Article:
Annabeth Lynch: I use a pen name, but I plan on taking at least the first name as my legal name when possible. I won’t share that or my pen name with my family because 1) they don’t know I write, and I’m not content to share that with them at all, and 2) I don’t want them to know I’m queer. They likely wouldn’t be hellish about it but I would certainly be mocked. Also, now I live in the south and while I live in a liberal section because of the nearby colleges, the place I want to move after my husband’s schooling is ~liberal~ in a vague way but definitely not as good as where I am now. It’s one reason why I’m hesitant to try and get my books in bookstores that might want in-person events.

Dei Walker: I went with a pen name for the erotica I wrote for DPP (and I’ll keep with that), but the first name holds a link with my real name in some ways. My husband’s a teacher at a fairly prestigious private school, and there’s a degree of “yeah my wife writes smut” that’s okay with colleagues but isn’t okay if the parents find out about it if they use search engines to learn more about me.

Willa Blythe: I chose to use a pen name. One, my real name is kind of weirdly spelled and I don’t actually even use my first name because it is a very popular name from the 80s that my parents left a letter out of… I go by my middle name but I spell it differently than what’s on my birth certificate, and I’ve gone by this name since I was 18. Everyone in my life knows me as (NAME) save my family, and they know I go by that. It’s not a nickname, it’s my name, and that’s fine. 

Anonymous: I decided to use a pen name for two reasons: 1) my name is incomprehensible to English speakers – not only is it hard to pronounce, but it also uses special characters; 2) I’m a primary teacher in a small town where gossip goes wild (for example, when I decided to go part-time so I have more time for writing it was going around that I was pregnant ) so I don’t want anyone to find out that I’m queer and write queer romance. There are idiots out there who wouldn’t want me to teach their kids because of that. I eventually came up with a pen name that is a word play on my legal name so it still feels like me, and the people I want to know would recognize it as me but strangers are unlikely to make the connection.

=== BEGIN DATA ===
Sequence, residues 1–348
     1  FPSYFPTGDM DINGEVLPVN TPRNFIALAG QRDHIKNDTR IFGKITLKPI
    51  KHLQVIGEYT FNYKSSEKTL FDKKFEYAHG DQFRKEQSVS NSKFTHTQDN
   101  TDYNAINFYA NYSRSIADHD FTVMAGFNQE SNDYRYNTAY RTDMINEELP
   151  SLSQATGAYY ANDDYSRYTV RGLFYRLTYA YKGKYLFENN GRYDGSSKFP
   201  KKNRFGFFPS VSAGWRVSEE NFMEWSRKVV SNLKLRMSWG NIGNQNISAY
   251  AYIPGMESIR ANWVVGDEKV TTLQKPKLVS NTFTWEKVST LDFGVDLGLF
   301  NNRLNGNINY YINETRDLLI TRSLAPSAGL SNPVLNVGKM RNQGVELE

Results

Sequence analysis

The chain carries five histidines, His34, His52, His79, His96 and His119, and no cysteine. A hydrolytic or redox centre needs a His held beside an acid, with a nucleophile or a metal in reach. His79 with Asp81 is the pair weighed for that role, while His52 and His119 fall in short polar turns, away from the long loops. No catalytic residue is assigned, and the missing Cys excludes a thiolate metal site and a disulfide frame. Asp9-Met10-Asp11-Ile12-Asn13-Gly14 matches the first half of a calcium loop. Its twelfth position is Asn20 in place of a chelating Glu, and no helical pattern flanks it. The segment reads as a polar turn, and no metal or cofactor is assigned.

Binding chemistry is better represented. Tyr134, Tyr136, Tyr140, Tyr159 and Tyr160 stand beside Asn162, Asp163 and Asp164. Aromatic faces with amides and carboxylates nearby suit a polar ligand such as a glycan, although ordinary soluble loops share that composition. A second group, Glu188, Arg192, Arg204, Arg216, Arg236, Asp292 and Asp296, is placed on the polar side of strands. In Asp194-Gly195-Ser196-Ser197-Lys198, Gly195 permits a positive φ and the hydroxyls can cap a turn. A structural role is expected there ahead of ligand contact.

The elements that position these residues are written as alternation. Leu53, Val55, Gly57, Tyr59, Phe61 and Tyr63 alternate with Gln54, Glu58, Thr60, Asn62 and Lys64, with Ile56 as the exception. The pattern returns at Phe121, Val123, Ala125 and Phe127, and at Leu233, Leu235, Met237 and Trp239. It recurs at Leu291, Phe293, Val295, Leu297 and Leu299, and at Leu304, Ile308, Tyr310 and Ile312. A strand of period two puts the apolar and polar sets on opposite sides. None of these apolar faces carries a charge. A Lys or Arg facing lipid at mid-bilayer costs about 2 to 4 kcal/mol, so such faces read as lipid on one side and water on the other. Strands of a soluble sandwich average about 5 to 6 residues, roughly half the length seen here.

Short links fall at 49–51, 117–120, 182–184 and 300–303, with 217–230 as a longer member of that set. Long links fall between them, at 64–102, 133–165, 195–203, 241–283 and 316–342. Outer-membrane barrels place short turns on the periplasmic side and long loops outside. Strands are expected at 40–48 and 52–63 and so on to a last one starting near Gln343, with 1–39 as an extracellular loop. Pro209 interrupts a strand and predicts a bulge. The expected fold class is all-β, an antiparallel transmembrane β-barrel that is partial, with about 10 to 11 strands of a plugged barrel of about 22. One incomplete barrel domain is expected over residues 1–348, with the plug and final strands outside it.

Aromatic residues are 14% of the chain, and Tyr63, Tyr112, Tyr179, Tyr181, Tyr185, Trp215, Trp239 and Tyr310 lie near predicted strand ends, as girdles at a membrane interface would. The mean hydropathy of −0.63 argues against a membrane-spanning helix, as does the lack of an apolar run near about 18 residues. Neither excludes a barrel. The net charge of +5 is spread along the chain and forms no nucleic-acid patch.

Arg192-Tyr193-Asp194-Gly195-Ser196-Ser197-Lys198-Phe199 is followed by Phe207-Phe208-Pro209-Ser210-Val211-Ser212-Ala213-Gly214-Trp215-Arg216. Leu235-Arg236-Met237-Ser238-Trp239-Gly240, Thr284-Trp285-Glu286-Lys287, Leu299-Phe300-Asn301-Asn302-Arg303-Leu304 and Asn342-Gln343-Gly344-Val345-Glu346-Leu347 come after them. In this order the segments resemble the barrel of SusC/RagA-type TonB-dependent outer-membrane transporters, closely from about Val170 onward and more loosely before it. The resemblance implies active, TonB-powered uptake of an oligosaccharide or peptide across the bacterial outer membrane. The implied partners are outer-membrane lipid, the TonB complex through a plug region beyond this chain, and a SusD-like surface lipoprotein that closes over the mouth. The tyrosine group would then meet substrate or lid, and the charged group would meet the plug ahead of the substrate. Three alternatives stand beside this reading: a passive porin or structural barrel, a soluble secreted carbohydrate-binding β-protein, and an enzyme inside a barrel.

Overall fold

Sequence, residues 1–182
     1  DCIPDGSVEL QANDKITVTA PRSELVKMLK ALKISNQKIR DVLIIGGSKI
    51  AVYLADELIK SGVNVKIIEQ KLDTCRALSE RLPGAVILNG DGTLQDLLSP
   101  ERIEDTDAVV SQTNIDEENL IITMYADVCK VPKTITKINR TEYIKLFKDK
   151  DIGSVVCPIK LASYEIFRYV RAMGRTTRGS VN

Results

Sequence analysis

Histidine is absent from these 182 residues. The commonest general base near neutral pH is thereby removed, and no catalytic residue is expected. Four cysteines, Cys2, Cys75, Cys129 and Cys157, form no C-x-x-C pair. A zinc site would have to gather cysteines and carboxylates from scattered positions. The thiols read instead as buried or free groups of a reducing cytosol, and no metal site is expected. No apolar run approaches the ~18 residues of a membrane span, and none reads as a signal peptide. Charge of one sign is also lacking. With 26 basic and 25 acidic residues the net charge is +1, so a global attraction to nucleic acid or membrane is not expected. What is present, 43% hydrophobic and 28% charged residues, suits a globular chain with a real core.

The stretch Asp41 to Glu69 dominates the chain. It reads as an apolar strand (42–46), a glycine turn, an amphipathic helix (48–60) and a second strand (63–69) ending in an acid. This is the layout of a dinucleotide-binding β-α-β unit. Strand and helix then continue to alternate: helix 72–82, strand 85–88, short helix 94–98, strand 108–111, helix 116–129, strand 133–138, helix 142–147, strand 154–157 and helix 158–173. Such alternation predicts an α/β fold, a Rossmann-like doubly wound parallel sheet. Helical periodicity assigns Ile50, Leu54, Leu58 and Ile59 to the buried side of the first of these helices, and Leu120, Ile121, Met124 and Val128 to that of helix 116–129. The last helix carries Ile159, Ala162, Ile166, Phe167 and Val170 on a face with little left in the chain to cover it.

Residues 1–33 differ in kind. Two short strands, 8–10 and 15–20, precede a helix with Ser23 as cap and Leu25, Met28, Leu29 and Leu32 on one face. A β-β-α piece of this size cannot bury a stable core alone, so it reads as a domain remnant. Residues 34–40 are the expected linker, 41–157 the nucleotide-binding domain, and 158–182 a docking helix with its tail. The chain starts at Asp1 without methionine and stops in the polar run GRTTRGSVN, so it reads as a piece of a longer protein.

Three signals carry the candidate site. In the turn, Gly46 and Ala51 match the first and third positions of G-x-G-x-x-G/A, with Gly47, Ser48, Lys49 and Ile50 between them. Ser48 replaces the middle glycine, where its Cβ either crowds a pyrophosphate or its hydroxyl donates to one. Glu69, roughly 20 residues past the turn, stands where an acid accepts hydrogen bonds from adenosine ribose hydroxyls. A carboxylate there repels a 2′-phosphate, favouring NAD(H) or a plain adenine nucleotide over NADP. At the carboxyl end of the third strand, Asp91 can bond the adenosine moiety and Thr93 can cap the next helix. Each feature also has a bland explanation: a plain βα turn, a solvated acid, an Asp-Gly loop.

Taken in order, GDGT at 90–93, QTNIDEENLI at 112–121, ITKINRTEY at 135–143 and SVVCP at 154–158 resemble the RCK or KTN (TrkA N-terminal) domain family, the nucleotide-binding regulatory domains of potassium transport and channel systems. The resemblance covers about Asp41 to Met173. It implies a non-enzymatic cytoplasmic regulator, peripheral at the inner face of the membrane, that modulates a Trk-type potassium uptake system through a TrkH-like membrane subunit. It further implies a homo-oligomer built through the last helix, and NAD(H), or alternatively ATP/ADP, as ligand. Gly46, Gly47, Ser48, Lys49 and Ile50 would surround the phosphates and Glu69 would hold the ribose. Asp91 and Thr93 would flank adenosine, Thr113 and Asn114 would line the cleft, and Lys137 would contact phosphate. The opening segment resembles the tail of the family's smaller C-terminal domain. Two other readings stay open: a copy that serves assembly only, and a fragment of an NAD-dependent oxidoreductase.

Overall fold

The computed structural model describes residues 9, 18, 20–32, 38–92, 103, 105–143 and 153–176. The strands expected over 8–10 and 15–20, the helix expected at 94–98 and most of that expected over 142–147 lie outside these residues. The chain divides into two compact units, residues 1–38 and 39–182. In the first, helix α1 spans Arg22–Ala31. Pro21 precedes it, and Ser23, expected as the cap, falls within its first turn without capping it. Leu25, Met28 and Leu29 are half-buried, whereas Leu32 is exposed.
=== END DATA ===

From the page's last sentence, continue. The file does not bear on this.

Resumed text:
Nina Waters ( @unforth ): I publish under a pen name because people always mispronounce my last name and my understanding is that it’s better to make a pen name people can pronounce. Back when I was still considering trad pub, I was planning to use multiple pen names so I could write across genres. Nina Waters was gonna be spec fic and romance, but I love historical drama type stuff too and like. Those sell better with a male name on them? So I was gonna use either C. P. Houck (so, my actual initials and last name) or Charles (or maybe Chuck) P. Houck, since Charles is a family name (my uncle, my grandfather, and my great grandfather on my dad’s side are all Charles’s). That all said, when I decided to go the small Press creation route instead, there was basically no way to keep my real name out of things since as the owner I have to put it on all official paperwork, which means it’s filed with the government and a matter of public record. Since anyone could access it, there didn’t seem to be much point in keeping it a secret/separate. 

Was personal safety the primary reason behind deciding to use a pen name? What other reasons influenced your decisions?

(some authors included their answers to this in their replies above)

Nina Waters: Not really, though I did originally concoct the Nina Waters name for a really silly version of personal safety? I was writing a thing based on my unrequited feelings for someone and I obviously couldn’t put that under my real name without risking them figuring it out, so I needed a pen name. I never did finish that project lmao and now I would never bother but the pen name stuck.